Vermont is the first state in the United States to provide same-sex couples the opportunity to obtain the same benefits and protections afforded by state law to married opposite sex couples by enacting civil unions on July 1, 2000. Since then many took the opportunity to make a commitment to each other — in paper.
However, while some wanted commitments, others wanted to get out of it too after a few months or years of marriage. There are those who find it hard to dissolve the same-sex union because of the requirements set in the old law. That is because in the old law, a person is required to reside in the state of Vermont for at least six months prior to filing a complaint for an annulment, divorce, or dissolution of a civil union.
The new law, which took effect on July 1, 2012 , changed that rule. There is no more barrier for gay or lesbian couples to get a divorce if they feel they are no longer happy being together.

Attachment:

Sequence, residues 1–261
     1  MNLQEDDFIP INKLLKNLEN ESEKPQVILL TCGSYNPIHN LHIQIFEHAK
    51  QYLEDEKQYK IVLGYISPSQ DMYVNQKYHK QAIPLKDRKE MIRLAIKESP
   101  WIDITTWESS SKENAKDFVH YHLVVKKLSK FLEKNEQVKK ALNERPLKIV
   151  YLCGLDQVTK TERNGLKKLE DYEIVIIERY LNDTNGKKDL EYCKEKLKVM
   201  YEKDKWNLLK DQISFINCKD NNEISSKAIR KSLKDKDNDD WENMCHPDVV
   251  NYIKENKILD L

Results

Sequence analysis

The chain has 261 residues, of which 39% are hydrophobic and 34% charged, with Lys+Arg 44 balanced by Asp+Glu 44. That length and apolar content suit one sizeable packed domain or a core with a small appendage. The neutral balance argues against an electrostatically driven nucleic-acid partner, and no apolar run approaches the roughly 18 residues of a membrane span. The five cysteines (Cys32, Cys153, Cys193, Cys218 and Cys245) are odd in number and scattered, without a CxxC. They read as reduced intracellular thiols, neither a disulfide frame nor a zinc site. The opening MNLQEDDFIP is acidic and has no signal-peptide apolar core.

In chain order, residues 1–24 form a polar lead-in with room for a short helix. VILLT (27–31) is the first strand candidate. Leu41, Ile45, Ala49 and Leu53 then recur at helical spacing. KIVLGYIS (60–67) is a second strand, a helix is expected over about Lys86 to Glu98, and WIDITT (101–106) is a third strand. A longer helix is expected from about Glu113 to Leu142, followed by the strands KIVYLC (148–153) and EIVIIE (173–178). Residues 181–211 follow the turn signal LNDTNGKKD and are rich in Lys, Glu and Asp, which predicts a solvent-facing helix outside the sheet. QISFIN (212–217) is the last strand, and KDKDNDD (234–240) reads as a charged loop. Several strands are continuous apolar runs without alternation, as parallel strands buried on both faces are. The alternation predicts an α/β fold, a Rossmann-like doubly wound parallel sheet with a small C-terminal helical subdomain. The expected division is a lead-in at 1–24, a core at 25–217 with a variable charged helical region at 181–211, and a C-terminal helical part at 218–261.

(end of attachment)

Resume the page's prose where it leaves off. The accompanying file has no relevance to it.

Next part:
The new law now allows same-sex couples with Vermont civil unions or marriages, and who do not live in Vermont, to be be able to legally end their relationships in the Vermont courts. Vermont is also the first state to grant same-sex divorces.
Ending a relationship can be tough but it is tougher when children and properties are involved. It is therefore necessary before entering into a civil union that you know your legal rights especially if children and properties are involved. Knowing your legal rights early on in the marriage or before you tie the knot will certainly help you avoid mounting legal fees later on. It is important to at least know something when things get out of hand. There are various books you can refer to if you are in doubt or need guidance on what steps to take to protect your rights. A Legal Guide for Lesbians and Gay Couples is a good reference guide as it provides the legal steps that define and protect your relationship in the eyes of the law. Do not run the risk of being shut out of each other’s lives and the lives of children. This book will help you make sound decisions as a couple.